The Syrian revolution may not be a company, but it now has a board of trustees. The new body was inaugurated in Cairo Tuesday by Syrian oppositionist Haitham Maleh and is dominating the main headlines of Arabic language dailies Wednesday.

Saudi-owned daily A-Sharq Al-Awsat leads its story by reporting the Syrian opposition’s respect for the fourth Geneva convention regarding the rights of prisoners of war. The deputy commander of the Free Syrian army tells the daily that his forces are in control of 90% of Aleppo’s environs and 60% of the city itself.

Maleh denies in an interview with the daily that the new board of trustees, which is to include 15 members and is headed by him, will create a rift within the ranks of the Syrian opposition. But a member of the Syrian National Council (SNC), the main opposition organization in exile, tells A-Sharq Al-Awsat that the new board of trustees — described as a proto-government — is Maleh’s “personal initiative.”

Maleh himself likens the board of trustees to a government, while claiming that the Syrian National Council is more like a parliament which represents all factions of the Syrian opposition and oversees the performance of government.

London-based daily Al-Hayat is already critical of the new body, claiming in its headline that “the declaration of the ‘board of trustees’ deepens the opposition’s divide.” The daily describes Maleh’s antipathy towards the Syrian National Council, claiming that the new pseudo-government is an alternative to it. Maleh, 81, is described as a veteran Syrian oppositionist dating back to the days of former Syrian president Hafez Assad.

Maleh himself likens the board of trustees to a government, while claiming that the Syrian National Council is more like a parliament which represents all factions of the Syrian opposition and oversees the performance of government

Al-Jazeera quotes SNC head Abdul Baset Sieda as saying that the establishment of the new body “is a hasty move we wish did not happen,” adding that “the founding of this government in this manner weakens the opposition.”

Al-Hayat columnist Abdullah Iskandar bemoans the fragmentation of the Syrian opposition in an editorial Wednesday, especially at a time when the opposition should be more united than ever.

“The closer the regime comes to collapse, the more the opposition splinters and fragments,” writes Iskandar. “There is a substantial difference between political pluralism which is needed in any democratic alternative — reflecting the diversity of Syrian society and representing it — and the emergence of countless forms of political expression, each of which attempts to reach power.”

A-Sharq Al-Awsat columnist Abdul Rahman Rashed derides pro-Assad Western commentators like Robert Fisk and Patrick Seale, but says that at this point in time their contribution to Assad’s war effort is negligible.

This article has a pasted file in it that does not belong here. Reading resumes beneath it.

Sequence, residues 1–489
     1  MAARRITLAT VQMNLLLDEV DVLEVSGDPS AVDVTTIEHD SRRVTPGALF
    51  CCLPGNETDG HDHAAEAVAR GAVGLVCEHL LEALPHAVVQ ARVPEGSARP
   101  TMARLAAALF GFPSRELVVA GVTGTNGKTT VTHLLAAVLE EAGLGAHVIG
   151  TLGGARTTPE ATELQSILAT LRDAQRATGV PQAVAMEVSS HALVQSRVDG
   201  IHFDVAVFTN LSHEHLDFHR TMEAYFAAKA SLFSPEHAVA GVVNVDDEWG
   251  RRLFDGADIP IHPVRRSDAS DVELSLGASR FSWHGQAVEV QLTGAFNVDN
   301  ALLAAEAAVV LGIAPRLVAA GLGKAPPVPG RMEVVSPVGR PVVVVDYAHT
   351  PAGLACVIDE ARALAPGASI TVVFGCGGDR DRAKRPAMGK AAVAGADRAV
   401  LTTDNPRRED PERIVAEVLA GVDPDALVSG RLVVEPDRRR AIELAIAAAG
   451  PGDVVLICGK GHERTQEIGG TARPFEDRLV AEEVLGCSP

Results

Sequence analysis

“Since the start of the crisis last year, the Syrian regime has tried to cotton to Western media in order to avoid a Libya scenario. The regime believed that it could, alone, oppress the internal revolution so long as the West refrained from military intervention.” The regime cannot survive forever though, claims Rashed, and is now fighting its last battles.

Egypt and its minorities

London-based daily Al-Quds Al-Arabi leads its news Wednesday with what it calls an “unprecedented intervention” on the part of the United States in Egypt’s internal politics, by requesting that Egypt form a broad government that includes women and Copts. Both Hillary Clinton and Leon Panetta advised Egyptian President Mohammed Morsi on the matter during their visits to Cairo.

America should mind its own business, shouts back the daily’s editor-in-chief Abd Al-Bari Atwan in an op-ed titled “First respect American Muslims and then demand the rights of Copts.”

“American officials behave these days as though Egypt is under an American mandate, governed by an official of Uncle Sam who receives instructions from Washington. Their dictations continue relentlessly, provocatively intervening in Egypt’s internal affairs,” writes Atwan.

‘American officials behave these days as though Egypt is under an American mandate, governed by an official of Uncle Sam who receives instructions from Washington’

“The American administration still refuses to acknowledge the basic fact that Egypt experienced a glorious revolution, one of its motivations being the will to get rid of a dictatorial regime which was subordinate to the will of Washington for 40 years.”

A-Sharq Al-Awsat, for its part, features a photo of Morsi and Panetta sitting side by side and smiling from ear to ear. The article claims that the Egyptian presidency and the Muslim Brotherhood are currently waging a battle against Egyptian media, with Morsi filing a lawsuit against two media outlets for “spreading lies against the president.”